SOME Scottish councils, mostly those of a left-wing bent, have a fine tradition of being international in their outlook.
Perhaps it’s the Labour history of looking beyond borders and finding solidarity with others in strife, in poverty, or facing injustice. Perhaps, to those who believe councils should just focus on providing services and not getting involved with foreign affairs, it’s more about interfering where they’re not needed; or “young turks” being unable to shake off their student campaigns.
I like to think it’s the former, that solidarity with those trying to change political doctrines which keep them in subjugation is important, and that support in the smallest of ways from the other side of the world can have an impact.
Take the anti-apartheid movement in the 1980s where the expression “work on the little things and big things happen” was never so apt.
In Edinburgh, Midlothian, Dundee and Glasgow councils did small things such as awarding Nelson Mandela freedom of the city, changing street names, naming rooms in city chambers after him, urging people to boycott South African goods – none of it might have amounted to much but as part of a much wider movement it all added to the pressure against the apartheid regime, which as we all know, eventually collapsed.
So I wasn’t surprised that Glasgow City Council recently decided to fly the Palestinian flag in support of the people of Gaza who are being bombed by Israel. Nor that Edinburgh councillor Adam McVey has suggested changing the name of Regent Terrace where the US Consulate sits to “The State of Palestine Terrace”, to show solidarity with Gazan civilians – even if the name hardly rolls off the tongue.
But the Palestine question is vastly different to that of apartheid South Africa, and indeed if the “city” is to show its support to Palestine it ought by rights to be changing Melville Street, where the Russian consulate is located, to Kiev Street.
I have no issue with the council showing support for those who are suffering from injustice and aggression anywhere in the world – in fact, I fully support it.
In this case it is Gaza, which is without question the underdog in this situation, but support in this case has to tempered by strong opposition to anti-semitism. For no matter that Cllr McVey says his renaming idea was to put pressure on the US to withdraw its opposition to Palestine being a full member of the United Nations, it could easily be twisted and that message lost.
If there’s one thing that being a parent teaches you it’s that you can hate the behaviour, but not the person. So let the council, the city, its people condemn the killing – on either side – but not all Jews or Muslims.
There are many Jews in the world who hate what Israel is doing to Gaza. There are many Muslims who believe Hamas is wrong too. Perhaps flying the flags of both countries together would give a better indication of the peaceful outcome the politicians in the City Chambers want. Perhaps that’s too wishy-washy, but not as much as just flying the Disasters Emergency Committee banner which will likely be approved as being the least thing likely to cause offense. Student politicking is definitely in the past.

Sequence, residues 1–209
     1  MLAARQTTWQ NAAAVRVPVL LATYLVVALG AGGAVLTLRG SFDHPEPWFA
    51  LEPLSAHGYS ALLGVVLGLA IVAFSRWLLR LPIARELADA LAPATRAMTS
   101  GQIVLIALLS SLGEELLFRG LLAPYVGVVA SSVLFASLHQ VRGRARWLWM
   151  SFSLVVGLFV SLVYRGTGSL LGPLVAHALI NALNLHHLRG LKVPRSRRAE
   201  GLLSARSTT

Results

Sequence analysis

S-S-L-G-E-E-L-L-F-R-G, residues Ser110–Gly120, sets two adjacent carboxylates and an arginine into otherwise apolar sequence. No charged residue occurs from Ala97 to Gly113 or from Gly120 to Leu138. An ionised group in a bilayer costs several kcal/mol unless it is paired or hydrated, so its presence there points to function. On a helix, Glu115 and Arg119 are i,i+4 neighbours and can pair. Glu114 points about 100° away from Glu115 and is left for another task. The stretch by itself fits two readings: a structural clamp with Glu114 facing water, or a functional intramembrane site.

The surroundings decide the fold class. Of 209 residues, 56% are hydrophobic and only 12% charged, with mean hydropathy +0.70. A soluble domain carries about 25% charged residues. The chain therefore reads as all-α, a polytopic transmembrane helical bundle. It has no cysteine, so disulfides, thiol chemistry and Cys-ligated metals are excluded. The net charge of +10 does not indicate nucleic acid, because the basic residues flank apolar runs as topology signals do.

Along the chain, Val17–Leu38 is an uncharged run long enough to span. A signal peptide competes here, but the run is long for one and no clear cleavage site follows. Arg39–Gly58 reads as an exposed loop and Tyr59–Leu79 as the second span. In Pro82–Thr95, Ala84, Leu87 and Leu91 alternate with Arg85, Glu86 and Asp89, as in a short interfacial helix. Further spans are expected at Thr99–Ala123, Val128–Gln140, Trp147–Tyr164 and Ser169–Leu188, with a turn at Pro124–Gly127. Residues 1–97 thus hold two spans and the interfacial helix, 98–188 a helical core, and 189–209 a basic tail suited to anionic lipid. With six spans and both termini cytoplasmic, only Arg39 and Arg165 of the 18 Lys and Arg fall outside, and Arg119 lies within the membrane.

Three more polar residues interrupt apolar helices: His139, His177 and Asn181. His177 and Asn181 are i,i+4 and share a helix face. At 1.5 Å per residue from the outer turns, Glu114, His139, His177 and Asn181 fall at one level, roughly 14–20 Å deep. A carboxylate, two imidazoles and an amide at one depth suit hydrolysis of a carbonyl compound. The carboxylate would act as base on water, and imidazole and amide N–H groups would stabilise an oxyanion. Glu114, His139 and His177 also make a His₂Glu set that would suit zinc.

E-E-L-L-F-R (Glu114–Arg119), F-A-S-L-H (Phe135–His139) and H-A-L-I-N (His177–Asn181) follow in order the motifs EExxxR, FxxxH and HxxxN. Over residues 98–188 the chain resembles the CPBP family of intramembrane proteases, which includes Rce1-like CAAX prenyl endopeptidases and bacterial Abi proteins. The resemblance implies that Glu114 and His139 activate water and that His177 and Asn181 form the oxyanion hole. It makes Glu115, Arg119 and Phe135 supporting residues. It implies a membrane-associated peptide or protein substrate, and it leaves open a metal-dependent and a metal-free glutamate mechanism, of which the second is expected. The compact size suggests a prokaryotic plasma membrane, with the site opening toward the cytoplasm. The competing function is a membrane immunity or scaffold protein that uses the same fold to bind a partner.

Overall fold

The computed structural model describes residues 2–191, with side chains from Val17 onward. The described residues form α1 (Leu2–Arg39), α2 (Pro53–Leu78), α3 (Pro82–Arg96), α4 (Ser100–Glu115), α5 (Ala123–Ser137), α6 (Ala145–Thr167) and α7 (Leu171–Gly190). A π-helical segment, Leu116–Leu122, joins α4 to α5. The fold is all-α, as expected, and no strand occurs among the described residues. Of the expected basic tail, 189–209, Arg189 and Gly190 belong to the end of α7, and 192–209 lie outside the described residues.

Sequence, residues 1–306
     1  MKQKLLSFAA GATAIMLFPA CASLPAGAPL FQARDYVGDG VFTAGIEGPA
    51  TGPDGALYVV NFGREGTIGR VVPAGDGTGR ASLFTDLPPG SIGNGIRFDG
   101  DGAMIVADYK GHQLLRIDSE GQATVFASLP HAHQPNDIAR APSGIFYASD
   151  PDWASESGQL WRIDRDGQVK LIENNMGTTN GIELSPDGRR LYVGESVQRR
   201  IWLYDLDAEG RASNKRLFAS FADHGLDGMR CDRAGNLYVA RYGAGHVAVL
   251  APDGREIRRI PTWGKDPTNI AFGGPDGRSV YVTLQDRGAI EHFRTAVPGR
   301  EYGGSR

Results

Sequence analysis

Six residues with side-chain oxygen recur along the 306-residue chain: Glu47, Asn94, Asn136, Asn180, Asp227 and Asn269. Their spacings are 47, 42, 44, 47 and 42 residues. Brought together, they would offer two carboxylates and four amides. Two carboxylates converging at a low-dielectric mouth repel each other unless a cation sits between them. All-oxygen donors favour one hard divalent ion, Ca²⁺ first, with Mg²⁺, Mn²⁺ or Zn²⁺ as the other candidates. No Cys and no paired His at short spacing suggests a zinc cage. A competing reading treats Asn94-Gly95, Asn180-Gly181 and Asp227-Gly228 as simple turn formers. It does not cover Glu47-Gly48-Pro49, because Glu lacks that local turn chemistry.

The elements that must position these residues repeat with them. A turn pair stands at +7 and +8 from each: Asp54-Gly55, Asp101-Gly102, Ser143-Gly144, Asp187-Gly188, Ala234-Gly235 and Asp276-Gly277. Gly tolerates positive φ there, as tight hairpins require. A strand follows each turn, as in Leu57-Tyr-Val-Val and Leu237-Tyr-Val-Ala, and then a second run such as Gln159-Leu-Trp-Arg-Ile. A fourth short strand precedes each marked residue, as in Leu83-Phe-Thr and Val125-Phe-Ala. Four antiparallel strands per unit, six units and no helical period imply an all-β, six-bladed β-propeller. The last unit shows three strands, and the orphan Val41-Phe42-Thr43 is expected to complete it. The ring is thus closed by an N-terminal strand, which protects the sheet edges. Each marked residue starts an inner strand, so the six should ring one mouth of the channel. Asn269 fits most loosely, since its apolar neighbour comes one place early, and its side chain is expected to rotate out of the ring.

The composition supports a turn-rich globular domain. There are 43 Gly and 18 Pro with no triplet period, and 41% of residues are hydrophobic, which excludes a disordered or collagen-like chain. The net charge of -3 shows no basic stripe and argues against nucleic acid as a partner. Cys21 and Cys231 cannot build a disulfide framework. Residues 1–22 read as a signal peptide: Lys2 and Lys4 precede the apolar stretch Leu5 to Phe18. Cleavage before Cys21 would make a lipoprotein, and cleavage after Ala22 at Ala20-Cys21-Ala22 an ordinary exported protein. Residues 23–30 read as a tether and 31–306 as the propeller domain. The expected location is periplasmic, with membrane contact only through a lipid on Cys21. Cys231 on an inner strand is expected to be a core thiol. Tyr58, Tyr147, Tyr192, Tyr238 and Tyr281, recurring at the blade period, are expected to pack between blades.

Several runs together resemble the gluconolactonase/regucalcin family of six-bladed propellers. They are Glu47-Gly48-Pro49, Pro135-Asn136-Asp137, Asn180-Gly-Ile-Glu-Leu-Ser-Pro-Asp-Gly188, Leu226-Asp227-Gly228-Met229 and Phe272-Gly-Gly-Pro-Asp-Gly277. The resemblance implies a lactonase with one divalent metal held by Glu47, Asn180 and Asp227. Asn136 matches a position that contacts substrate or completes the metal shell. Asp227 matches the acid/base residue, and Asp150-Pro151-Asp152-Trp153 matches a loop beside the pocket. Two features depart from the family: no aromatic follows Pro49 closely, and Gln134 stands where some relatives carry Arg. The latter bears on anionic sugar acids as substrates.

But whatever your view on Cllr McVey’s suggestion, the fact he has people talking about the situation how Edinburgh should – or indeed if it should – respond to it, has to be a good thing. From talking comes actions, even small ones can mean big things.
Equality goals should mean ‘equal’
NOW the polling cards are out the rhetoric in the referendum campaign is being stepped up.
Expect everything, including the kitchen sink, to be thrown by both sides as the battle for hearts and minds over the next month reaches a crescendo. It’s going to get worse before it gets better.
But it’s good to see that not all government business has ground to a halt in the meantime.
Equalities minister Shona Robison has been asking for the transfer of legal powers to Holyrood so that inequalities in Scottish boardrooms can be dealt with now, rather than only promising it in the aftermath of independence.
Sadly, though, it’s just for the 40 per cent number which seems to have been settled on as progress, but not enough to scare the horses.
Let’s have a little more commitment to it and go for more. Women do make up 52 per cent of the population after all.
But we’re not greedy, we’ll go halves.
Go west and leave behind our rubbish services
KIRKLISTON often feels like a forgotten part of the city of Edinburgh. Way out past Gogar, the airport, Ratho and Newbridge it feels a very long way away from the City Chambers and more like a better geographical fit for neighbouring local authority West Lothian than the capital city.
Certainly Lothian Buses thought so for long enough, leaving the village’s bus service with FirstBus. And now, despite its rapid expansion due to house-building, even bin collection is elusive – for new homeowners at least.
For two months the folk in a new development didn’t have a collection. It’s been so bad that they started taking it to the dump - in Broxburn. Edinburgh council say it’s all been resolved and that it won’t happen again. But the city’s bin service is not good enough. Whether you’re in the centre or outskirts the one thing you expect for your cash is regular bin collections. Perhaps in this year of referendum, Kirkliston might look at seceding and heading west.